Hooper's brilliant and searing account of the death of Cameron Doomadgee is written with the pace of a thriller. "Tall Man" tells the story of what happened to one man in an Aboriginal community and provides insight into a world few have ever seen.Hooper's brilliant and searing account of the death of Cameron Doomadgee is written with the pace of a thriller. "Tall Man" tells the story of what happened to one man in an Aboriginal community and provides insight into a world few have ever seen.Read Less
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On November 19, 2004, in the Aborigine settlement on Palm Island off the northwest coast of Australia, an Aborigine man named Cameron Doomadgee cat-called two police officers as they arrested a drunk and disorderly neighbor. One of the officers, himself an Aborigine, told Doomadgee, ?keep walking or you be arrested too.? Thirty paces or so later, Doomadgee turned and sang out something at the white officer. One witness claimed that Doomadgee (who was walking with his pack of dogs) had started singing Who Let the Dogs Out. The Aborigine officer did not hear what Doomadgee said. The white officer, Christopher Hurley, claimed that Doomadgee insulted him. In any event, Hurley arrested Doomadgee and physically forced him into the police wagon.
Less than an hour later, Doomadgee was found dead in his cell. His body was already cold. He had died minutes after having been dragged to his cell. The autopsy showed that Doomadgee had a black eye, broken ribs and a ruptured liver. The liver had been pushed back against Doomadgee?s spine with such force that the liver had been cut almost in two pieces and the portal vein into the liver had ruptured. Doomadgee had bled to death. The Aborigine community reacted to Doomadgee?s death by rioting, destroying the police station in the process.
A few months after Doomadgee?s death, the lawyer representing the Doomadgee family and the Palm Island Aborigine Council, asked journalist/novelist Chloe Hooper to write about the case. What started out as a two-week journalist assignment turned into years of attending legal proceedings and conducting field research and historical research into the Aborigine communities in Northern Australia.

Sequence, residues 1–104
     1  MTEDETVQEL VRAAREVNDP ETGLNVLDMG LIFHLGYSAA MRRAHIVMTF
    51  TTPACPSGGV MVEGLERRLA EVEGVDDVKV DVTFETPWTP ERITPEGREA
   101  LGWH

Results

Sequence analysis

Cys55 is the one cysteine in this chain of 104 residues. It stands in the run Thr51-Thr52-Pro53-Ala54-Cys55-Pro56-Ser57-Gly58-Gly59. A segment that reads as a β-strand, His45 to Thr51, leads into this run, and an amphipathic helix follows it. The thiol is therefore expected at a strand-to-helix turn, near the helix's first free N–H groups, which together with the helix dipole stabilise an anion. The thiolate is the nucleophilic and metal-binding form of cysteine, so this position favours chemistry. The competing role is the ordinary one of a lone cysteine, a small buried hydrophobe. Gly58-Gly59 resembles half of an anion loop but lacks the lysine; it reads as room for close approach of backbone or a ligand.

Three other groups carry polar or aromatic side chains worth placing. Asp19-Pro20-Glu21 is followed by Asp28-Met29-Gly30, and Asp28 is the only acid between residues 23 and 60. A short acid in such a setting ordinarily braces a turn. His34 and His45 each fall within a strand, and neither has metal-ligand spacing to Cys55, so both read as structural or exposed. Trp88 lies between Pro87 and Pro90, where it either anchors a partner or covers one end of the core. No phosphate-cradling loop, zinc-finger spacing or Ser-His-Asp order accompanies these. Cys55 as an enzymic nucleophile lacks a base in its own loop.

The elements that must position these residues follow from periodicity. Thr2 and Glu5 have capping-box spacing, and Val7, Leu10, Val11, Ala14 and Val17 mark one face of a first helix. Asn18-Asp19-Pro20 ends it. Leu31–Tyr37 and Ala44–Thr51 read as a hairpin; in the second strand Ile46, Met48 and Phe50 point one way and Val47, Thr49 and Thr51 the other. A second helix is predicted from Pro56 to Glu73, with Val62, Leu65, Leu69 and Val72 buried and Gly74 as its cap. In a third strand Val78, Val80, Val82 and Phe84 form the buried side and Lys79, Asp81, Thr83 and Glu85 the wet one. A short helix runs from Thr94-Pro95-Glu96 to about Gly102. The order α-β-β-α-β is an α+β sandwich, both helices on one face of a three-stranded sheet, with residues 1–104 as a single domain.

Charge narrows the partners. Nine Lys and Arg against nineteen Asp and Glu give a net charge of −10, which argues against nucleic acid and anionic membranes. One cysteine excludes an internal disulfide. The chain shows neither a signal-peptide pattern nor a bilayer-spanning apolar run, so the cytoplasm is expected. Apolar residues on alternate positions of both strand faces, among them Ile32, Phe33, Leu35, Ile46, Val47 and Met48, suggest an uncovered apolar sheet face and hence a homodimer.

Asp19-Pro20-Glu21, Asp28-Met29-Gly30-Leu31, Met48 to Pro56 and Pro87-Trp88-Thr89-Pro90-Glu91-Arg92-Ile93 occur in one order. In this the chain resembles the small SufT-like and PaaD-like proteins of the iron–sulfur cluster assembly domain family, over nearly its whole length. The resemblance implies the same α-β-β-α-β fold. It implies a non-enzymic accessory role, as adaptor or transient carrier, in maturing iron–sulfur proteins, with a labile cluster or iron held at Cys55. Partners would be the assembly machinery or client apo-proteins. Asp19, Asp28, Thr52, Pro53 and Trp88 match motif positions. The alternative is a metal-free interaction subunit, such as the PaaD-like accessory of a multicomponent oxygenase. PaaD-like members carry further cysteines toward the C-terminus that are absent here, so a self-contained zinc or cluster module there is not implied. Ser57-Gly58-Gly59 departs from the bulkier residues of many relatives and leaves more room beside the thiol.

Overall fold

Chloe Hooper?s book Tall Man is the end result of her years of work. The book may have started out as a journalist?s assignment, but it clearly became a labor of love. Ms. Hooper followed the legal proceedings concerning Doomadgee?s death as if she were one of his relatives. Ms. Hooper sat with (and offered comfort to) the Doomadgee family during the lengthy legal proceedings. She lived among several Aborigine families while the proceedings were going on. Her account of the inquest and the trial are not without bias, but she tells a side of the story that the world needs to hear.
Aborigines are incarcerated at a much higher rate in Australia than are people of other races. An alarming number of Aborigines have died while in police custody. The Doomadgee case is the first where a white police officer has been charged with the murder of an Aborigine while in police custody. What impressed me most about Ms. Hooper?s book are her historic and current references to the oppression and segregation of the Aborigine people and the conclusions she draws from her historical and sociological study. Ms. Hooper includes in her analysis of the case, aspects of Aborigine mythology and spirituality (what Aborigines call Dream Time), the atrocities that occurred when Europeans settled on Aborigine land (what Aborigines call Wild Time), the placement of Aborigine children in government-run dormitories (the Stolen Generations) and the ensuing concentration of Aborigines into segregated communities.
For example, Ms. Hooper traveled to some ancient Aboriginal cave paintings in a remote part of northern Australia. There among the prehistoric paintings were a couple of recent pictographs portraying a very tall white male, naked below the waist but wearing a policeman?s blue shirt and a policeman?s cap. Hurley, at six foot, seven inches tall, is the Tall Man of the cave paintings as well as the Tall Man of the title. The pictograph shows a serpent, a Doomadgee family totem, biting the ankle of the Tall Man. I cannot think of a more artful and poignant way for Ms. Hooper to have shown the deep response of the Aborigine community to the events described in this book.
Ms. Hooper writes in the unpolished phrases that one hears everyday on the street. At times I found her style distracting, but overall I was very impressed with her work. I highly recommend this book.
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